Chord Substitutions: Finding a Great Chord

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Blue guitarEvery songwriter has their favourite way of starting the songwriting process. For many, it involves sitting at a keyboard, or with a guitar, and working out a chord progression that then leads to melodic fragments that come together to form a fully-fledged melody. Sometimes, it starts with bits of melodic ideas that come together to form the final product. In either case, even with the melody-first writers, the underlying chord progression is a crucial part of the success of a song. Rather than seeking the elusive (and I believe non-existent) “killer chord progression”, it’s time well spent to experiment with chord substitutions to take your song to the next level.

Substituting one chord for another requires you to know a little bit about chord function. For every major or minor key, there are seven chords that naturally exist. Simply build a triad (a 3-note chord) on top of the notes of the major or minor scale to find each one.

Each chord has a particular function, or, quite literally, a particular use. Some of those functions are very strong. For example, a chord built on the fifth degree of the scale is called a dominant chord. That chord strongly wants to move to the chord built on the tonic (or key) note. That desire of the dominant chord to move to the tonic chord is called the dominant function of the chord.

Other chords will move easily to the dominant chord. Those chords are termed predominant chords.

Many songs feature chord progressions that are comprised of tonic, predominant and dominant functions. Here’s a typical example:

C  F  G7  C 

That’s a very common progression. The first and final C are tonic chords, the F is a predominant chord, and the G7 is a dominant chord.

What we want to look at are ways to breathe life into it by using chord substitutions. In general, what we hope to do is to change chords, but keep the functions fairly intact.

To substitute a chord, you need to be mindful of the melody note that’s being harmonized at any particular moment. That’s because if you want to replace the final tonic chord with something different, the melody note might not be in the replacement chord, and so it won’t work well.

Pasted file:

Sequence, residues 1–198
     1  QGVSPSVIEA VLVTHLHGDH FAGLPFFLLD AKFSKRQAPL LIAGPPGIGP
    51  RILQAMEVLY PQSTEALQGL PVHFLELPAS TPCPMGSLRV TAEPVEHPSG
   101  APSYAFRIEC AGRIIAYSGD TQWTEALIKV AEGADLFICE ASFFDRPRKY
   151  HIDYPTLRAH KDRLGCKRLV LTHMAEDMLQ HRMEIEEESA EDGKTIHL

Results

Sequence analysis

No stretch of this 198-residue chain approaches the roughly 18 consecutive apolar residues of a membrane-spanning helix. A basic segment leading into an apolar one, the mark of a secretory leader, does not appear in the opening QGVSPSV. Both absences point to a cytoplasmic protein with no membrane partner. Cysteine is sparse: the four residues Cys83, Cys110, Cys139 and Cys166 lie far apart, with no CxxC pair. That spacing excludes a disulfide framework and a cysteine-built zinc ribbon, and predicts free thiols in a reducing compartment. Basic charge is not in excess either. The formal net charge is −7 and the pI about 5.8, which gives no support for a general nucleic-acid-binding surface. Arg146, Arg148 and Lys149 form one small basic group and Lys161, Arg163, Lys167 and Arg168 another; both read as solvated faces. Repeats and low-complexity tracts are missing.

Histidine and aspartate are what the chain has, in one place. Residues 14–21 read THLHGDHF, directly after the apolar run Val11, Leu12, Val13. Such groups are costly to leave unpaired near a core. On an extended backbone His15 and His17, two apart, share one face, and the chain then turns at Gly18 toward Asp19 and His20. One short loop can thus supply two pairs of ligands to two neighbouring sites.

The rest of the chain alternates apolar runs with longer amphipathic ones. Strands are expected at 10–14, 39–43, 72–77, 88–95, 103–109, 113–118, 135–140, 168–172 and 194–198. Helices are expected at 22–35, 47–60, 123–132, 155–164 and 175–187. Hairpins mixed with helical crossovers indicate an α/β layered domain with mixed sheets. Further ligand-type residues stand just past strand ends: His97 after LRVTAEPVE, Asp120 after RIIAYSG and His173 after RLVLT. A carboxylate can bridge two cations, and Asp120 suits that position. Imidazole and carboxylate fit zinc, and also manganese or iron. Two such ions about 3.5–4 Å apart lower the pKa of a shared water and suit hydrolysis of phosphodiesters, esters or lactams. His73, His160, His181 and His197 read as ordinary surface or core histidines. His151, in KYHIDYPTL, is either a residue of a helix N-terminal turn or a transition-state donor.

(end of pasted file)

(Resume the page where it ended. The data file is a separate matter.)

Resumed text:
For each chord, there is a short list of other chords that will function in a similar way, and that short list will be the chords you can consider as potentially good substitutes.

Here are the chords that can serve as good substitutes (All examples in the key of C major):

Am (vi); F (IV); (Ab) bVI; Dm7 (ii7)

Dm (ii); Am (vi)

Em (iii); Dm/G (V9); F/G (V11);  Dm (ii); F (IV)

You’ll notice something odd right away: some chords show up in all lists. For example, you can use Dm as a tonic substitute, a predominant chord, and as a type of dominant chord. It really does depend on where you find it. Context is everything.

If you use the Am as a tonic substitute at the end of a progression, you’ll see that its tonic function is not particularly strong. You’ll need to circle around, continue the progression, before finally ending on a I chord.

Here’s an example of that. The progression C F G7 C can be nicely extended if you replace that final C with Am, then repeat it, finally ending on C:

C F G7 Am  C  F  G7  C

And as I mentioned earlier, that Am substitution only works well if your melody note at the moment of substitution exists in the Am chord. If your melody is sitting on a G, that will work well with a C chord (because C uses C-E-G), but Am won’t work well, because there isn’t a G in an A minor chord.

Chord substitutions are a really great way to add freshness to a stale progression. They can easily turn your song into something exciting and fresh.


Written by Gary Ewer. Gary EwerFollow Gary on Twitter 

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  6. Hi Gary! I just wanted to tell you how much I enjoy your articles, especially this one. Whenever I find something new about music theory, I feel like a kid with a brand new toy! This will keep me entertained for ages. I love playing with chord progressions.

    I know a fair bit about diatonic and non diatonic chords, voice leading, neapolitan chords, secondary dominants, key modulation, etc., but I find myself wishing I knew even more ways to manipulate chord progressions. I’m aware that whats on your blog is for writing hit songs, and if you stray too much from it you wont have much success marketing your music – Im just a music theory geek!